Unraveling DPP4 Receptor Interactions with SARS-CoV-2 Variants and MERS-CoV: Insights into Pulmonary Disorders via Immunoinformatics and Molecular Dynamics

The study titled “Unraveling DPP4 Receptor Interactions with SARS-CoV-2 Variants and MERS-CoV: Insights into Pulmonary Disorders via Immunoinformatics and Molecular Dynamics” provides significant insights into the interactions between the SARS-CoV-2 spike protein, its variants, and the DPP4 receptor.

Here’s a detailed summary:

Background and Objectives:

  • The study focuses on the DPP4 (dipeptidyl peptidase 4) receptor, which is utilized by human coronaviruses like MERS-CoV and potentially by SARS-CoV-2 as a co-receptor for cell entry. The research aims to investigate the interaction between spike protein variants of SARS-CoV-2 and DPP4, and how these interactions might affect disease severity, especially in patients with comorbidities​​.

Methodology:

  • Molecular docking and simulation studies were used to explore the binding interactions between the receptor-binding domain (RBD) of different SARS-CoV-2 spike variants and DPP4. The study compared these interactions with those observed in MERS-CoV. The molecular docking was performed using HADDOCK, a tool for generating accurate and informative models of protein-protein interactions​​.

Key Findings:

  • The Delta variant of SARS-CoV-2 (Delta-CoV-2) exhibited a binding affinity with DPP4 closely resembling that of MERS-CoV. This was determined based on parameters like accessible surface area, radius of gyration, and the number of hydrogen bonds at the interface.
  • Specific mutations in the Delta variant, namely L452R and T478K, were found to directly enhance the interaction with DPP4. Additionally, the E484K mutation in the Alpha and Gamma variants of the spike protein also interacted with DPP4.
  • These mutations led to changes in nearby residues (Y495, Q474, and Y489), suggesting that virulent strains of the spike protein are more prone to DPP4 interaction, potentially affecting patients with comorbidities​​.

Hydrogen Bonds Analysis:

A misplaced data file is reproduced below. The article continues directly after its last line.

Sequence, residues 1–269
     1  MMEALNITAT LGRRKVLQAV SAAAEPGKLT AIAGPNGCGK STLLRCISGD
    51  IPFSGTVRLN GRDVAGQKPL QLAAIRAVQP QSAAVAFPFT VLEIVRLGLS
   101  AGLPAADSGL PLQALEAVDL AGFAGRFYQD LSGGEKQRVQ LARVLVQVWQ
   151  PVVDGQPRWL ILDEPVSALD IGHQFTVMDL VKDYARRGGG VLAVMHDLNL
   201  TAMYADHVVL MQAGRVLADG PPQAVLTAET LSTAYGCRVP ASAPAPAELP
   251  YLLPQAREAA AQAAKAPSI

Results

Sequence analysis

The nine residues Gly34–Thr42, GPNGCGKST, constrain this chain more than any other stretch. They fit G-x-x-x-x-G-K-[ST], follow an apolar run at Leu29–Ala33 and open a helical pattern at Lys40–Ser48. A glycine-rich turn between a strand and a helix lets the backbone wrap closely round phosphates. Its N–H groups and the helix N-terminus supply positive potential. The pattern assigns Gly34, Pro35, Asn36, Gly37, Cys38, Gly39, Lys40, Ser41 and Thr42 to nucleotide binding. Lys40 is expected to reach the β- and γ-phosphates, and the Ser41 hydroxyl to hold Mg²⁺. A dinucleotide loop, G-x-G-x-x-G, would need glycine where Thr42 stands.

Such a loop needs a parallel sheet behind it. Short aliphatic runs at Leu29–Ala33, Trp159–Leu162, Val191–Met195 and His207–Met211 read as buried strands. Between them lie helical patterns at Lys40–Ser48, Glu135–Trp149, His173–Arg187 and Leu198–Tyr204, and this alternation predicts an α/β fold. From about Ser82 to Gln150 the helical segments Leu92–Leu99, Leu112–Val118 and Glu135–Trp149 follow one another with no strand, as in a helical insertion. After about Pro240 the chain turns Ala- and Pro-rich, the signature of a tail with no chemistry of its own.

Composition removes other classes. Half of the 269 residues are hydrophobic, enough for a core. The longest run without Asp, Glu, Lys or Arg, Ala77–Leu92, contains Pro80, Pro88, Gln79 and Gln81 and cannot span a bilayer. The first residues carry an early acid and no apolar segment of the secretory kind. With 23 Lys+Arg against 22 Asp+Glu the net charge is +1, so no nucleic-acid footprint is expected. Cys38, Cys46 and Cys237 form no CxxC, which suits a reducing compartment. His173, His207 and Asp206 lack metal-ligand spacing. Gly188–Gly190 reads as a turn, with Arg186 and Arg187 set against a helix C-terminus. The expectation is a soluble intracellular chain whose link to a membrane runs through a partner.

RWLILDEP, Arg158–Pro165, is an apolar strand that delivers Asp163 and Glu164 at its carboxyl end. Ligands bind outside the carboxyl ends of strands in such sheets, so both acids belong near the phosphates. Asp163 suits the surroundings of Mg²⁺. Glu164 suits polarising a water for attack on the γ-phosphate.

• The study analyzed the number of hydrogen bonds formed between DPP4 and various SARS-CoV-2 spike protein variants. A high number of hydrogen bonds, particularly in the Delta variant, indicated a stronger interaction with DPP4. These findings suggest that intermolecular hydrogen bonds are involved in high-affinity binding in these systems​​.

Interface Analysis:

  • The study also examined the closeness between DPP4 and the spike protein in different SARS-CoV-2 variants. The key residues forming the binding interface between MERS-CoV and DPP4 remained conserved throughout the simulation, indicating that the RBD of SARS-CoV-2 likely binds to DPP4 in a similar conformation as MERS-CoV. This analysis sheds light on the interaction mechanisms at the molecular level, which are crucial for understanding how different variants of the virus might affect binding to DPP4​​.

In conclusion, this study offers critical insights into how SARS-CoV-2 variants, particularly the Delta variant, interact with the DPP4 receptor. These interactions may have significant implications for the severity of COVID-19, especially in patients with comorbidities, highlighting the importance of DPP4 as a potential therapeutic target in managing COVID-19.

Read More: https://www.ncbi.nlm.nih.gov/pmc/articles/PMC10612102/

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